Confidence Interval= 95% confidence interval.

In 2005–08, 44.6% (age adjusted) of adults aged 18 and over who were at high risk for diabetes reported increasing physical activity (objective D-16.1), 50.0% (age adjusted) reported trying to lose weight (objective D-16.2), and 48.5% (age adjusted) reported reducing the amount of fat or calories in their diet (objective D-16-3). Healthy People 2020 targets for these three objectives are 49.1%, 55.0%, and 53.4%, respectively.

Revised: Thursday, March 28, 2013

National Snapshots Help

HEALTHY PEOPLE 2020 NATIONAL SNAPSHOTS

A User's Guide

  1. National snapshots provide a visual display of progress for selected objectives in each Healthy People 2020 Topic Area, whenever data are available.

  2. The snapshot heading describes the snapshot theme, the population to which the snapshot applies (when needed for clarification), and the data year(s). The snapshot heading is not meant to capture the full scientific scope of the objective(s) that is (are) displayed. The user can find complete technical information about the objective(s) in the Data Details.

  3. The snapshot visual display is generally one of three types: a line graph, a bar chart, or a map. 

  4. The snapshot notes and footnotes indicate any technical information about the data that the user needs to correctly interpret the visual display, together with any key data limitations (when applicable). Although the snapshots are intended to be standalone, the user should consult the objective(s) Data Details for the full range of methodology issues that may impact interpretation.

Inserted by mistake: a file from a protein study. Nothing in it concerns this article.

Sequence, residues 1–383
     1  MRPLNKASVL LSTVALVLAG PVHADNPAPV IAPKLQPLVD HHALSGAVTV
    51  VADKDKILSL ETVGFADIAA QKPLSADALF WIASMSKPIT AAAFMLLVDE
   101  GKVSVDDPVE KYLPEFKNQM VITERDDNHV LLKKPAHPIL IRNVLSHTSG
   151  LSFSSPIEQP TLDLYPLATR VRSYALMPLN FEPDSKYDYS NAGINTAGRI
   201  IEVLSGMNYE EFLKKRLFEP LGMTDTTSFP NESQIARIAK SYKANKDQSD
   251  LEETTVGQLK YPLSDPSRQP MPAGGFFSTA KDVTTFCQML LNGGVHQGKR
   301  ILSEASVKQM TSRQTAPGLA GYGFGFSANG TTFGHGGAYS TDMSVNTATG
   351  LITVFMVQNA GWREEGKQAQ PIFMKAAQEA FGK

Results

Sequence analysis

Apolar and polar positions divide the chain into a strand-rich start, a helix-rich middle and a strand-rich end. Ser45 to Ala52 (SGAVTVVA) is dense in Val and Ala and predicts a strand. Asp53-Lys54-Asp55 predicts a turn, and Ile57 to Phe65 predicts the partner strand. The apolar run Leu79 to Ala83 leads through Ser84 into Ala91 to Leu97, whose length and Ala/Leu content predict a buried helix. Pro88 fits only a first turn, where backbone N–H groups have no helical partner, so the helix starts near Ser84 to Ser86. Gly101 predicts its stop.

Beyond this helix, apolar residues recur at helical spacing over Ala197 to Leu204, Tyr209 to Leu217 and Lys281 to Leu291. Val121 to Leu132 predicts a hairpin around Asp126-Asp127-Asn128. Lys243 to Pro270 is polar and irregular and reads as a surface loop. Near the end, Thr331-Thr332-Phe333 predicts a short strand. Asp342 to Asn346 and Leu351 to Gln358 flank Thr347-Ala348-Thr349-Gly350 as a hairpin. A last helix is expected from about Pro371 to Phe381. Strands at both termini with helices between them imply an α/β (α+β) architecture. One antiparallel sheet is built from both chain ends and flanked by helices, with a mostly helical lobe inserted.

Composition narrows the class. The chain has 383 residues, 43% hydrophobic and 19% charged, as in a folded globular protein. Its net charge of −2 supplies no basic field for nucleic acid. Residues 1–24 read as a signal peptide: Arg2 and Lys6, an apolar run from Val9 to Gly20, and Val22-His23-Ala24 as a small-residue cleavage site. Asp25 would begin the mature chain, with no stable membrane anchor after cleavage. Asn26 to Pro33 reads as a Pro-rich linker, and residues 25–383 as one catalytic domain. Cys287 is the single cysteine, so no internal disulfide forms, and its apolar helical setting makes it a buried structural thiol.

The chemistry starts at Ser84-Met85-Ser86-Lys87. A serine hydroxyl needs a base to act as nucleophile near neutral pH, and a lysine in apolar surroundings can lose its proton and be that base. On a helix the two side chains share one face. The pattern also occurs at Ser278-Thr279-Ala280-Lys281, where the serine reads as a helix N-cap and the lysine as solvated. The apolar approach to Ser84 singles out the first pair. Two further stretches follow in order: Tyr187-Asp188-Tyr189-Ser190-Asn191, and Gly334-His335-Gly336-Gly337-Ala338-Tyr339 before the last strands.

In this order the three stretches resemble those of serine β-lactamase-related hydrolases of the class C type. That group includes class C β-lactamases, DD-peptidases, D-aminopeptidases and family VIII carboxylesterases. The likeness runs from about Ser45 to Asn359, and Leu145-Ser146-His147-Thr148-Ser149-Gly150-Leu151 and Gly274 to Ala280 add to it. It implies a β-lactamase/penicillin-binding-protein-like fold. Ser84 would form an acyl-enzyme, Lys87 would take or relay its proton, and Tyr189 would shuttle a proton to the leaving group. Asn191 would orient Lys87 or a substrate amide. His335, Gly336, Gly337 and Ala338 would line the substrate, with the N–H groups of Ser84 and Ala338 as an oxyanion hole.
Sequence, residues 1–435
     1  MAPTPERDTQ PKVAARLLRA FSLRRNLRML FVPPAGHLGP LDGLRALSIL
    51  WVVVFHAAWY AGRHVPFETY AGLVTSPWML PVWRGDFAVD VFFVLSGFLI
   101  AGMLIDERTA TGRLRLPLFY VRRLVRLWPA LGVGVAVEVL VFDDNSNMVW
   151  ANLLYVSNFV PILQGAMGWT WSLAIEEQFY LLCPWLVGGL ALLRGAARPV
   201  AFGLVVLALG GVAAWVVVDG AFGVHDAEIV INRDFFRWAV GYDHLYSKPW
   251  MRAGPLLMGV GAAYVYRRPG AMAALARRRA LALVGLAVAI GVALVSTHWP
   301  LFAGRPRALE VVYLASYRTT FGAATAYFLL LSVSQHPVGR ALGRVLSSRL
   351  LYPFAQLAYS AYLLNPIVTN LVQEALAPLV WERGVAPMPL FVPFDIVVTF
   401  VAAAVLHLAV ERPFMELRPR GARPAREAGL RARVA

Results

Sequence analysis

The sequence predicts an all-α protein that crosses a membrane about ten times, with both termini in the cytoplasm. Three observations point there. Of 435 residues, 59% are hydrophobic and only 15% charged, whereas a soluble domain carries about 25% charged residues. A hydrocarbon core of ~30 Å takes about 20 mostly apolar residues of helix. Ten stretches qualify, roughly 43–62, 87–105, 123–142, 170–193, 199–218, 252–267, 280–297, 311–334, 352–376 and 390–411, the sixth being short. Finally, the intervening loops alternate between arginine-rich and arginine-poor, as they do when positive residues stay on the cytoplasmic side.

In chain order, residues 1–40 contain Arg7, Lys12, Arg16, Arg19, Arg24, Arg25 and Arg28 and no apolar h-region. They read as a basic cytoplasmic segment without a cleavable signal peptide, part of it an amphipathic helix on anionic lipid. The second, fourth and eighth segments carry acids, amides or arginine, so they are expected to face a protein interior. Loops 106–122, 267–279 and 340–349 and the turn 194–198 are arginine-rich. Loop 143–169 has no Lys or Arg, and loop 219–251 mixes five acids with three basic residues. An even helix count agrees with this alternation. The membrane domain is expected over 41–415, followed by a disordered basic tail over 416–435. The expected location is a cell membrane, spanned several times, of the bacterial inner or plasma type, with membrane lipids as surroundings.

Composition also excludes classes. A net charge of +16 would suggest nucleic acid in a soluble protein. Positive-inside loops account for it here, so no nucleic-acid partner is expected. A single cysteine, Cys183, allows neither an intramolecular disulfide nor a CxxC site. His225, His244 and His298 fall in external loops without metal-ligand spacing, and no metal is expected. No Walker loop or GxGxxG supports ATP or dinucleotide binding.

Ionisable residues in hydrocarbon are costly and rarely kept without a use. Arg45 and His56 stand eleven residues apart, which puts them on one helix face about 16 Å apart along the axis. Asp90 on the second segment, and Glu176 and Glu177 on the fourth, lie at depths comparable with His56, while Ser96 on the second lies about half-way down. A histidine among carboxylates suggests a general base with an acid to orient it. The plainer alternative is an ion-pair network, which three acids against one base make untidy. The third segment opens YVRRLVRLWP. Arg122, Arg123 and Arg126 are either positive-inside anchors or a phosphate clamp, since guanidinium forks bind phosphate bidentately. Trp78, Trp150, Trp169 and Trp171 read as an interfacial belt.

5. The snapshot source(s) indicate the data source(s) used to create the visual display.

  6. Age-adjusted data are adjusted using the year 2000 standard population.

  7. Education and income are the primary measures of socioeconomic status in Healthy People 2020. Unless otherwise noted, income is defined as a family’s income before taxes; thus, the terms “income” and “family income” are used interchangeably in the snapshots.

  8. To facilitate comparisons among groups and over time, while adjusting for family size and for inflation, Healthy People 2020 categorizes family income using the Poverty Threshold (PT), sometimes also referred to as the Federal Poverty Level (FPL), developed by the Census Bureau. Unless otherwise overridden by considerations specific to the data system, the five categories of family income primarily used are: 

    1. Below the PT (i.e., less than 100% of the PT) 

    2. At 100%–199% of the PT 

    3. At 200%–399% of the PT 

    4. At 400%–599% of the PT 

    5. At or above 600% of the PT.

  9. A snapshot narrative paragraph highlights some key features of the visual display. The narrative text is not meant to provide an exhaustive analysis of the data displayed. For a more in-depth analysis, the user should refer to the applicable data table(s) and objective(s) Data Details.

  10. The user should keep in mind the following: 

    1. When two rates or proportions are highlighted for comparison (and measures of variability are available), the user may interpret the highlighted difference to be statistically significant at the 0.05 level, unless otherwise stated.

    2. Only selected differences are highlighted in the narrative text. Differences visible in the visual data display but not highlighted in the text still may well be statistically significant.

Revised: Monday, August 25, 2014